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Apr. 20th, 2016 @ 03:41 pm Books
Borderline, by Mishell Baker

An urban fantasy with a protagonist who had borderline personality disorder and amputated legs. She walks straight from a residential clinic into an agency that deals with contact between our world and a secondary Fae world.

Apparently the author has BPD too, and it reads like a matter-of-fact journal of how she copes, rather than a romanticisation, so I don't know if the borderline personality disorder is accurate but it's not obviously bad and I'd like to hear from someone who would know better than me.

The fantasy worldbuilding is reasonably well done, it establishes some simple ideas about human/fey relations and how that bring creativity to the human and abstract thought to the fey, and develops them. I felt like it all wrapped up a bit quick, but what there was was quite interesting.

Warning that the protagonist had a relationship with a college professor which may have been abusive, and had a suicide attempt, before the book starts, but are brought up often, if that is likely to make it difficult to read for you.

Just City, by Jo Walton

Greek Gods Athena and Apollo pull hundreds of volunteers from all over time to participate in an experiment to create Plato's vision of a perfect society (Utopia) in reality. And several of the characters are historical figures who've written on Plato (who I hadn't heard of, but if you follow this sort of thing you will hopefully be excited about).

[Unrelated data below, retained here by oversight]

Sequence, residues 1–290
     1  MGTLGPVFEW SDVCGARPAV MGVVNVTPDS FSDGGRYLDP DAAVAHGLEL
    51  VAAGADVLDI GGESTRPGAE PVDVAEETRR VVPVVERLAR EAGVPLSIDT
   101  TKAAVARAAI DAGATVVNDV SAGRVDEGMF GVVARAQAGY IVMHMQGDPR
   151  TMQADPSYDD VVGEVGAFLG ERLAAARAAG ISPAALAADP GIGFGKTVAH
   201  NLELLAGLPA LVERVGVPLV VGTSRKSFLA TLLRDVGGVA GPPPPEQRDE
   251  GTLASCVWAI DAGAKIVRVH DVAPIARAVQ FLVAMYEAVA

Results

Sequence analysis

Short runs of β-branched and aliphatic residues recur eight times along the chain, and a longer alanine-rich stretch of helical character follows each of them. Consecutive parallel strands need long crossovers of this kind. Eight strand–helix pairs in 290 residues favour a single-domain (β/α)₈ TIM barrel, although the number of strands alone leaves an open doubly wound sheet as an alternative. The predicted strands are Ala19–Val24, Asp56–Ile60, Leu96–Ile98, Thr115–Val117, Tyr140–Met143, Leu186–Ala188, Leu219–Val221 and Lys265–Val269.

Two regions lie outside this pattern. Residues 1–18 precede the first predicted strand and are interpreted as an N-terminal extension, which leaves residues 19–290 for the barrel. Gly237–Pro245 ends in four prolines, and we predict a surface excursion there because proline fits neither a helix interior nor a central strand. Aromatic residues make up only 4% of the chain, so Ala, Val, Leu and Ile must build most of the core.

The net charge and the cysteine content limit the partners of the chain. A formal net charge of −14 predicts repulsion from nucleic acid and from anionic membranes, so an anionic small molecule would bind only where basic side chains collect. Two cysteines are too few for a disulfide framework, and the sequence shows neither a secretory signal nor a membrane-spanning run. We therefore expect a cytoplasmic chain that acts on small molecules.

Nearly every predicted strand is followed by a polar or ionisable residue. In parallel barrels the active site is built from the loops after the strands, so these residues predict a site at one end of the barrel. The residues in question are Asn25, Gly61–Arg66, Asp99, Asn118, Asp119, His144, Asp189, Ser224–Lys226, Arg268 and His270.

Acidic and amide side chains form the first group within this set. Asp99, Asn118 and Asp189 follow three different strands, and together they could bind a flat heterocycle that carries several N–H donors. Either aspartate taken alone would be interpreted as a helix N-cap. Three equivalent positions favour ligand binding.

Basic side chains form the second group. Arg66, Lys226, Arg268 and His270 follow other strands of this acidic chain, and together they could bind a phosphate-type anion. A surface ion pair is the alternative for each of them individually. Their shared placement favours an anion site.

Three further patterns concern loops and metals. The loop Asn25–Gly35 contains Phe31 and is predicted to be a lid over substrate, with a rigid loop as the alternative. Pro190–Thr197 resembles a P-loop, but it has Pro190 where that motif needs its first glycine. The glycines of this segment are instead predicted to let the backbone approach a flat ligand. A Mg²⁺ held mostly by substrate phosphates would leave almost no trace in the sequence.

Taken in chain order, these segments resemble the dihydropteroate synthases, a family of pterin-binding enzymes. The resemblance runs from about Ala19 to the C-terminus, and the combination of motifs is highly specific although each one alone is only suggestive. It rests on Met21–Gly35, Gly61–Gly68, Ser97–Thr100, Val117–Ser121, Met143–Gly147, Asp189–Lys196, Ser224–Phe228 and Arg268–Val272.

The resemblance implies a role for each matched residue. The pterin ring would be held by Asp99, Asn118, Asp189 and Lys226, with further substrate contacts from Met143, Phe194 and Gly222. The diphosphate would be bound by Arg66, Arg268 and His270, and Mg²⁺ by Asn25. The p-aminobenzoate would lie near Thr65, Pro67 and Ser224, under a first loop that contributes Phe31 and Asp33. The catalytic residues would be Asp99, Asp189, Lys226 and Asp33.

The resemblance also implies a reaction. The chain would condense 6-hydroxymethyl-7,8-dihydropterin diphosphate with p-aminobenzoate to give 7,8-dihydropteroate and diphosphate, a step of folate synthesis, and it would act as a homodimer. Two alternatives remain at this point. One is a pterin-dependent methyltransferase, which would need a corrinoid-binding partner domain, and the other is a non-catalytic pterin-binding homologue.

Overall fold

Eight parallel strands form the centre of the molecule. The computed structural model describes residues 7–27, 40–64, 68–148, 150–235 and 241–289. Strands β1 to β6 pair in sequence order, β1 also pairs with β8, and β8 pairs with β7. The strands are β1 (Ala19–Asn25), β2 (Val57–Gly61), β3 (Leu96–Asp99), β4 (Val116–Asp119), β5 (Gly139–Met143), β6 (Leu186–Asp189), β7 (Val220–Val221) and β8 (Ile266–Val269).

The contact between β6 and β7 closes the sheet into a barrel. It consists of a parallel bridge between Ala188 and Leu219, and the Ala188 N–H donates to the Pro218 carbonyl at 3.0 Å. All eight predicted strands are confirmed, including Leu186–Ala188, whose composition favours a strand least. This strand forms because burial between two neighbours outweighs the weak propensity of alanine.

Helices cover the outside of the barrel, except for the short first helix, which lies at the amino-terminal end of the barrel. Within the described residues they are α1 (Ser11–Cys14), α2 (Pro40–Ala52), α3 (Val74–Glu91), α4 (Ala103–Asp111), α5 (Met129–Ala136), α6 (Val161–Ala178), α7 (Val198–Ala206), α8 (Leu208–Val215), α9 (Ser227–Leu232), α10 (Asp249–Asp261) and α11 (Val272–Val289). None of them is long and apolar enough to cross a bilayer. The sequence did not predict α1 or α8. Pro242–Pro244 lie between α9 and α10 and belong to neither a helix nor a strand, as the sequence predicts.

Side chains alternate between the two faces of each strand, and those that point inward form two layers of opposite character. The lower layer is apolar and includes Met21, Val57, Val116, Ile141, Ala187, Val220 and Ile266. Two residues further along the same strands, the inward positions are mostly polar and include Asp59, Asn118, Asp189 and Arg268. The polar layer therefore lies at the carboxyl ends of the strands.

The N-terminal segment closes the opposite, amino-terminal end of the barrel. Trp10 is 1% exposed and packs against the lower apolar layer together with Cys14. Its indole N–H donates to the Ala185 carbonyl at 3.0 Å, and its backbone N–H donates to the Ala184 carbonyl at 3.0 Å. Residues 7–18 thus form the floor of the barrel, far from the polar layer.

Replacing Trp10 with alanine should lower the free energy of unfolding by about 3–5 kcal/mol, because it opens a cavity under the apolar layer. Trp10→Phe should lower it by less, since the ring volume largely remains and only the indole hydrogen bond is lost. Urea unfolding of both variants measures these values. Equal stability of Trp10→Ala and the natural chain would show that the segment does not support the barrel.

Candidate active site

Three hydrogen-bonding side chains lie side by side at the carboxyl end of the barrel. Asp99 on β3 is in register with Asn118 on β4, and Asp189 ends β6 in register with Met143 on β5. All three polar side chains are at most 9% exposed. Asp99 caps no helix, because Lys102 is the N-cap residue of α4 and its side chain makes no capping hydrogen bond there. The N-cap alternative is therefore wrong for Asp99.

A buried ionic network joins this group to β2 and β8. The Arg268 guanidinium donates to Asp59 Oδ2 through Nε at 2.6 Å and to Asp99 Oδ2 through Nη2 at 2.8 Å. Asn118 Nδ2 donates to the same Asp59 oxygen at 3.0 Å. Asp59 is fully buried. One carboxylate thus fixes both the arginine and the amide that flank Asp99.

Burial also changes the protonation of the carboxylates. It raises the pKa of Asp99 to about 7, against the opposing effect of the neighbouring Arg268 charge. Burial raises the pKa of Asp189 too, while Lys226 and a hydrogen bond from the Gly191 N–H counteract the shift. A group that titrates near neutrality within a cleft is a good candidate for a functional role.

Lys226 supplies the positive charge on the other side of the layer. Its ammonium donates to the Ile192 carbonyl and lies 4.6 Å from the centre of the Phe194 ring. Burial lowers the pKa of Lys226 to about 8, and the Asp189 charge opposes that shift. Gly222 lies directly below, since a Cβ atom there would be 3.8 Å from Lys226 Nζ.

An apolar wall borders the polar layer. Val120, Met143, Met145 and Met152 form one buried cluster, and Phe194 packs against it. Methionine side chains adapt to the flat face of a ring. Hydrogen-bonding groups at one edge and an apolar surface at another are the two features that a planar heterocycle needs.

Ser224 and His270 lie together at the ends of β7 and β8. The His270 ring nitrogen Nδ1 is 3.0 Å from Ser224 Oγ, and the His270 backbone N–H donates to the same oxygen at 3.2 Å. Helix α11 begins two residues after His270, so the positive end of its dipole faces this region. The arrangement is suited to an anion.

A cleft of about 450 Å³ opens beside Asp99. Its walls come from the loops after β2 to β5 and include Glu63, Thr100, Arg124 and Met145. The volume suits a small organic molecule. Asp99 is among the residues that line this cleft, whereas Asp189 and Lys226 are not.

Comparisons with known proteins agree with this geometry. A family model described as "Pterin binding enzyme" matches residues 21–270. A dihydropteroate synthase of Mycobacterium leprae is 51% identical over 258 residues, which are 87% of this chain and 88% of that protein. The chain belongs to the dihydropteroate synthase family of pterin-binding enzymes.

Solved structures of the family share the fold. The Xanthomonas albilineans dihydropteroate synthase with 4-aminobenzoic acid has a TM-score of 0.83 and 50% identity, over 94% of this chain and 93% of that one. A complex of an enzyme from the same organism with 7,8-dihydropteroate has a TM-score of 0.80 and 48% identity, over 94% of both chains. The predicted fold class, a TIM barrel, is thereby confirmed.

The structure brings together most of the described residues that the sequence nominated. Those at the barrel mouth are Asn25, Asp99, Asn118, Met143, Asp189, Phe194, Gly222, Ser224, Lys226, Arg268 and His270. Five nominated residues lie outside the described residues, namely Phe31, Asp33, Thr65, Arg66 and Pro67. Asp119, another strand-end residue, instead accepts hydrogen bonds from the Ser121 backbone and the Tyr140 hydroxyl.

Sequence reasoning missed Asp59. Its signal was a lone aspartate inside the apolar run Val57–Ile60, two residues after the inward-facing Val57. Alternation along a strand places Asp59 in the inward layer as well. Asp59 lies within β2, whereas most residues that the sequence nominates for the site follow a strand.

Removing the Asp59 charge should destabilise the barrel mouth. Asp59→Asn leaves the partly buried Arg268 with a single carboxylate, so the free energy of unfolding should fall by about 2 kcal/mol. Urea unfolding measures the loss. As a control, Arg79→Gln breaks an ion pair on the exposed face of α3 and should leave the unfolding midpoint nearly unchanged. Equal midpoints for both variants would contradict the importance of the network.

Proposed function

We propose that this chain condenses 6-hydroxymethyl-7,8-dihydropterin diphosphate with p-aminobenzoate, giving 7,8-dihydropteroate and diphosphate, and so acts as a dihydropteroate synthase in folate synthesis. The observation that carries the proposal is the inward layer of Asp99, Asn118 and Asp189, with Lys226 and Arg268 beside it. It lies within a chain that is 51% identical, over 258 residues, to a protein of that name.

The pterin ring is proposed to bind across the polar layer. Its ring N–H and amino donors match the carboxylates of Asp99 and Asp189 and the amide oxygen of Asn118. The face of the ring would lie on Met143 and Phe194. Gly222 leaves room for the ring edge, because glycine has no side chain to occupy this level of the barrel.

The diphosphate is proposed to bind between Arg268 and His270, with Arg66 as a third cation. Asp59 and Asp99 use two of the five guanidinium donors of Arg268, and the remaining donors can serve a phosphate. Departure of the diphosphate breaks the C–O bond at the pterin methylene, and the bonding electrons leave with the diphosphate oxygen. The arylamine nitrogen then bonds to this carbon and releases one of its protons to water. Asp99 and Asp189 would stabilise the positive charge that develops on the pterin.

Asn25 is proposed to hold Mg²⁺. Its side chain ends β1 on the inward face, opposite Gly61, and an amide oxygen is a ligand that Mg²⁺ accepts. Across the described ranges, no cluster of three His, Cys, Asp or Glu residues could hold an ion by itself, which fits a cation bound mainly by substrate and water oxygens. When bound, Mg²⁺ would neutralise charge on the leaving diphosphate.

It does most of the things you'd hope from that premise, it examines what's right and what's tragically wrong in Plato's ideas, and how people from different cultures cope with the ideas differently, and has people living lives with a blend of civic responsibility and philosophical discourse. Near the end there's an important philosophical debate between one of the philosophers and Athena.

Again, warning, that a major theme is different relationships between men and women, and why some cultures don't really have an understanding why rape is bad, and in a few places it gets quite graphic. It's not endorsing or condoning anything, but it's likely to be difficult to read for many people.

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